Wolfgang Munchau has an excellent piece on today’s Financial Times, where he challenges the increasingly widespread (and unjustified) optimism about the end of the EMU crisis. The premise of the piece is that for the end of the crisis to be durable, it must pass through adjustment between core and periphery. He cites similar statements made in the latest IMF World Economic Outlook. This is good news per se, because nowadays, with the exception of Germany it became common knowledge that the EMU imbalances are structural and not simply the product of late night parties in the periphery. But what are Munchau’s reasons for pessimism? Read More
We have been distracted by many events in the past few days, and an important document by the Commission did not have the attention it deserves. In a Communication on the social dimension of the Economic and Monetary Union, sent to the Council on October 2nd, there are a number of very interesting elements. In general, what I find remarkable is the association of deeper social integration with the more general objective of macroeconomic rebalancing. It is never said explicitly, but the Commission stance is that stopping macroeconomic divergence requires more social cohesion and, ultimately, solidarity among Member States. It goes without saying that I find this important and welcome news.
Kenneth Rogoff has a piece on the Project Syndicate that is revealing of today’s intellectual climate. What does he say?
- The eurozone problems are structural, and stem from a monetary and economic integration that was not followed (I’d say accompanied) by fiscal integration (a federal budget to be clear). Hard to disagree on that
- Without massive debt write-downs, no reasonable solution to the current mess seems feasible. Hard to disagree on that as well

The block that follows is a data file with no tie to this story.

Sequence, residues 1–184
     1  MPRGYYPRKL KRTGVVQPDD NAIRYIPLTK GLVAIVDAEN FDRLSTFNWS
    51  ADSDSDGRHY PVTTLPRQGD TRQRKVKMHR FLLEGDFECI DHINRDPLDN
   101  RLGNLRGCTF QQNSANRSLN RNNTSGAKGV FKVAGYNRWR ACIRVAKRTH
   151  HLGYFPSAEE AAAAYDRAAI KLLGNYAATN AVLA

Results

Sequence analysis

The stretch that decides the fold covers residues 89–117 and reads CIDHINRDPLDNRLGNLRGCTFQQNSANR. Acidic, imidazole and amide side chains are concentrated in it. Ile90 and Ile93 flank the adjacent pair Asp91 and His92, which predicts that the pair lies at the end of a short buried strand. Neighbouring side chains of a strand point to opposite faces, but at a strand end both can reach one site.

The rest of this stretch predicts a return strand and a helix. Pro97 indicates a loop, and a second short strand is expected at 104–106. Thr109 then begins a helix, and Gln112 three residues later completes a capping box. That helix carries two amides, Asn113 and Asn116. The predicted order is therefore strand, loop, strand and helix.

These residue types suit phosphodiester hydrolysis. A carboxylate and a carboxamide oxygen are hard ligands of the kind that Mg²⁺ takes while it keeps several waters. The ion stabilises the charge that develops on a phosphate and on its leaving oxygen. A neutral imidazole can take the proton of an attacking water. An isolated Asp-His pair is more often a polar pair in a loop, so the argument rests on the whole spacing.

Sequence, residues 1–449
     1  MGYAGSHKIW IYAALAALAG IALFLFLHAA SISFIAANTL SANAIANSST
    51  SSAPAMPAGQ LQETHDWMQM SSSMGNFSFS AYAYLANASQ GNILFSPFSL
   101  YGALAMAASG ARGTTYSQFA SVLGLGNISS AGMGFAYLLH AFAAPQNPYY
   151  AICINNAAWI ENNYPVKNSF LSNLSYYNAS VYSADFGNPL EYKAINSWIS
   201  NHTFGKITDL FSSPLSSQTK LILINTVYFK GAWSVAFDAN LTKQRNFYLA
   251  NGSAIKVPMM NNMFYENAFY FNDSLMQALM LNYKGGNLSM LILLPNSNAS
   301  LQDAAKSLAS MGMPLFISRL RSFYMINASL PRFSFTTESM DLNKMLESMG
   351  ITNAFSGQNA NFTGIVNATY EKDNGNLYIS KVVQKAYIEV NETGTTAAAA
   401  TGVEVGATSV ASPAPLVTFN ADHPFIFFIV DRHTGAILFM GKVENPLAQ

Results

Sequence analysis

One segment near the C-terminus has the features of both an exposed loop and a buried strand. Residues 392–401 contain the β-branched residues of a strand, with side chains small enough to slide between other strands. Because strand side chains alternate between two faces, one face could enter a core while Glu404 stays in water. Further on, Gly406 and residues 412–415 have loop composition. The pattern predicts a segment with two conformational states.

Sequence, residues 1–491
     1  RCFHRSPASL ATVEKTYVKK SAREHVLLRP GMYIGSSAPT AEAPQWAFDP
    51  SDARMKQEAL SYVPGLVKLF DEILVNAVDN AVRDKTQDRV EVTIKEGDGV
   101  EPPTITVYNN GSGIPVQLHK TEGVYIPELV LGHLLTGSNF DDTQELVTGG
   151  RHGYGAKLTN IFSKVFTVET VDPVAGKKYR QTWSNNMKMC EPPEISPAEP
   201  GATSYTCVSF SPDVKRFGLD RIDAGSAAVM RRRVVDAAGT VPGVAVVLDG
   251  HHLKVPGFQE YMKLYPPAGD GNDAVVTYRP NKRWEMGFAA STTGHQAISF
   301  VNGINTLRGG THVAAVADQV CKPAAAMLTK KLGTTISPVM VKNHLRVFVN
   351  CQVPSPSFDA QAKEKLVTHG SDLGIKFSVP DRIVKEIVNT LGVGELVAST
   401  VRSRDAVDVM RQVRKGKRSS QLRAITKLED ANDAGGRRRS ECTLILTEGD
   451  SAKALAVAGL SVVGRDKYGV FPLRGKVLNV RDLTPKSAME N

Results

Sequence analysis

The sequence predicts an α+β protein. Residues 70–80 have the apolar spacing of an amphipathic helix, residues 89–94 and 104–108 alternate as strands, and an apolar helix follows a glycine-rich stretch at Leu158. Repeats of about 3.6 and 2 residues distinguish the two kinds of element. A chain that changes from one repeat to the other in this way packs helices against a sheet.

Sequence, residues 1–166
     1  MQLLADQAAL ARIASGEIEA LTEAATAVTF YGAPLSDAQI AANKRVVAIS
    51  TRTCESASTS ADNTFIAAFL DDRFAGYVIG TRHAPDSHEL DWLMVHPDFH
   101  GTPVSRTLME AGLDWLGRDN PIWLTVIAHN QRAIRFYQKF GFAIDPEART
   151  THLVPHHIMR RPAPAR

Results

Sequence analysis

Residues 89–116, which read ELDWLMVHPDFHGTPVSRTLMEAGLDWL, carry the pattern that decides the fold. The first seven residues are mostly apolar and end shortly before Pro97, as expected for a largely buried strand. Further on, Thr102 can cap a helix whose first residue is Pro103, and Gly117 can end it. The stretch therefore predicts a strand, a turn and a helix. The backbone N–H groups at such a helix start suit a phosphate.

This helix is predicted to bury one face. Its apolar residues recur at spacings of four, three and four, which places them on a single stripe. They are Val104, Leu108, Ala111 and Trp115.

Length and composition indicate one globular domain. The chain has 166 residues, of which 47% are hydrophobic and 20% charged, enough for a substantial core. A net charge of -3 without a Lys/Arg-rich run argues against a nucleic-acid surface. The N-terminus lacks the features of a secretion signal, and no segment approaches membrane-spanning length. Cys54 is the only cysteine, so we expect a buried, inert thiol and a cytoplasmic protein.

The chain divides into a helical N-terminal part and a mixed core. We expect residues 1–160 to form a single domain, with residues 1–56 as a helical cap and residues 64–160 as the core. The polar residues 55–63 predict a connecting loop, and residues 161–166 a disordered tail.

- Some more inflation would be desirable, to bring down the value of debt. Hard to disagree on that as well.
In a sentence, intra eurozone imbalances are the source of the current crisis. Could not agree more…
Unfortunately, Rogoff does not stop here, but feels the irrepressible urge to add that
Temporary Keynesian demand measures may help to sustain short-run internal growth, but they will not solve France’s long-run competitiveness problems […] To my mind, using Germany’s balance sheet to help its neighbors directly is far more likely to work than is the presumed “trickle-down” effect of a German-led fiscal expansion. This, unfortunately, is what has been lost in the debate about Europe of late: However loud and aggressive the anti-austerity movement becomes, there still will be no simple Keynesian cure for the single currency’s debt and growth woes.
The question then arises. Who ever thought that a more expansionary stance in the eurozone would solve the French structural problems? And at the opposite, why would recognizing that France has structural problems make it less urgent to reverse the pro-cyclical fiscal stance of an eurozone that is desperately lacking domestic demand? Let me try to sort out things here. This is the way I see it: Read more
I really enjoyed this piece by Perry Mehrling on the lethal embrace between sovereign debt and banks, and on how to dissolve it. Alex Barker and George Parker on the Financial Times seem to think that the only way to have a banking union is to have a fiscal union (which makes the proposal impossible to implement). Mehrling disagrees, and explains how this could be done.
I am no expert in finance, but he seems rather convincing. And for once, here is a proposal that does not call for a grand solution (unfortunately, very unlikely), but for a step-by-step process.
Also, i really enjoy reading what happens at INET (yes, this is called advertising).
Paul Krugman has an interesting piece on federal and local expenditure in the United States, where he shows that the consolidated fiscal stance has been considerably more restrictive with Obama than during the Reagan era. This is not what retained my attention, nevertheless. Krugman does not mention that most of the US states (the exception being Vermont) have some form of balanced budget amendment. Krugman himself had warned a while ago that this made the task of the federal government in fighting the recession particularly hard. But once again, this is not the point I want to make.